"Although both the most popular form of synthetic biology (SB) and chemical synthetic biology (CSB) share the biotechnologically useful aim of making new forms of life, SB does so by using genetic manipulation of extant microorganism, while CSB utilises classic chemical procedures in order to obtain biological structures which are non-existent in nature. The main query concerning CSB is the philosophical question: why did nature do this, and not that? The idea then is to synthesise alternative structures in order to understand why nature operated in such a particular way. We briefly present here some various examples of CSB, including those cases of nucleic acids synthesised with pyranose instead of ribose, and proteins with a reduced alphabet of amino acids; also we report the developing research on the “never born proteins” (NBP) and “never born RNA” (NBRNA), up to the minimal cell project, where the issue is the preparation of semi-synthetic cells that can perform the basic functions of biological cells."

 http://bit.ly/1crgtqj

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Why Synthetic Biology Is the Field of the Future

Why Synthetic Biology Is the Field of the Future | SynBioFromLeukipposInstitute | Scoop.it
Gerd Moe-Behrens's insight:

by
Jay Keasling 

"Most Americans may not be familiar with synthetic biology, but they may come to appreciate its advances someday soon. Synthetic biology focuses on creating technologies for designing and building biological organisms. A multidisciplinary effort, it calls biologists, engineers, software developers, and others to collaborate on finding ways to understand how genetic parts work together, and then to combine them to produce useful applications.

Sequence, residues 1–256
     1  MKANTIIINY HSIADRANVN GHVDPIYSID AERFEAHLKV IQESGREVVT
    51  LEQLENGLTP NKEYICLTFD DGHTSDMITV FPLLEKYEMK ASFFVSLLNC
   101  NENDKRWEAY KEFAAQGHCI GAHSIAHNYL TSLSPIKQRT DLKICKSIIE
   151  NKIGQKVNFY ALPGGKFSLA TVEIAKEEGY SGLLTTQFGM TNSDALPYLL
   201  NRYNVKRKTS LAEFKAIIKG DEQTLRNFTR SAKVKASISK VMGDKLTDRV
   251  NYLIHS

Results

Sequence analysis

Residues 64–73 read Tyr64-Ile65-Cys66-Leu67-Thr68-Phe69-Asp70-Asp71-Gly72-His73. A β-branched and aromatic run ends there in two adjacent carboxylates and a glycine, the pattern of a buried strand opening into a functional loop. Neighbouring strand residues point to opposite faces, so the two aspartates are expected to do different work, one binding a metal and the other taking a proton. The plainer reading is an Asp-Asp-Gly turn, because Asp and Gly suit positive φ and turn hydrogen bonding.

Synthetic biology is a relatively young field, begun only about ten years ago. But in that time, we have made some astonishing progress. This is due, in part, to the enormous improvements in our ability to synthesize and sequence DNA. But we’ve also gained a much greater understanding of how the various parts of the genome interact. We now can reliably combine various genetic pieces to produce a range of consumer products, from biofuels to cosmetics.

In medicine, the synthetic biology community is pushing the boundaries by designing microbes that will seek and destroy tumors in the body before self-destructing. Synthetic biology also provides us a way to clean up our environment. We can build organisms to consume toxic chemicals in water or soil that would not otherwise decompose, for example. It can also help us to better understand flu strains and create vaccines. Synthetic biology will even help us feed the world. At MIT, researchers are working to build a process that will allow plants to fix nitrogen. If successful, farmers will no longer require fertilizer for their crops.
That’s not all we’re doing with plants, either. At the Joint BioEnergy Institute in California, scientists have found a way to expand the sugar content of biomass crops to increase their density and decrease the cost of biofuels produced from them. We envision that eventually we will be able to build just about anything from biology. Don’t be surprised if one day your computer has biological parts.
The recently released National Bioeconomy Blueprint notes that the field is already making an important contribution to the U.S.’s technological innovation and will be a key to our shift to a bioeconomy, or economic activity powered by research and innovation in the biosciences.